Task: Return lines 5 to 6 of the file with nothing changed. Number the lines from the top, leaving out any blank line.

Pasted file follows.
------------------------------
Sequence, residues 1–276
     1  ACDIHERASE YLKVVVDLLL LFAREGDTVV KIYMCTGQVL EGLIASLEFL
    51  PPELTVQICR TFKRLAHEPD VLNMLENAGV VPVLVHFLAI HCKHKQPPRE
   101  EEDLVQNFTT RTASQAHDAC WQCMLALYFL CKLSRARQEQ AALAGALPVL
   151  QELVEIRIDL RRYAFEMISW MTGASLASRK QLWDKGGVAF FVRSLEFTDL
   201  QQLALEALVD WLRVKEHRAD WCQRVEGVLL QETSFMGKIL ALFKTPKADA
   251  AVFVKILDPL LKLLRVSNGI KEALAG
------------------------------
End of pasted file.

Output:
   151  QELVEIRIDL RRYAFEMISW MTGASLASRK QLWDKGGVAF FVRSLEFTDL
   201  QQLALEALVD WLRVKEHRAD WCQRVEGVLL QETSFMGKIL ALFKTPKADA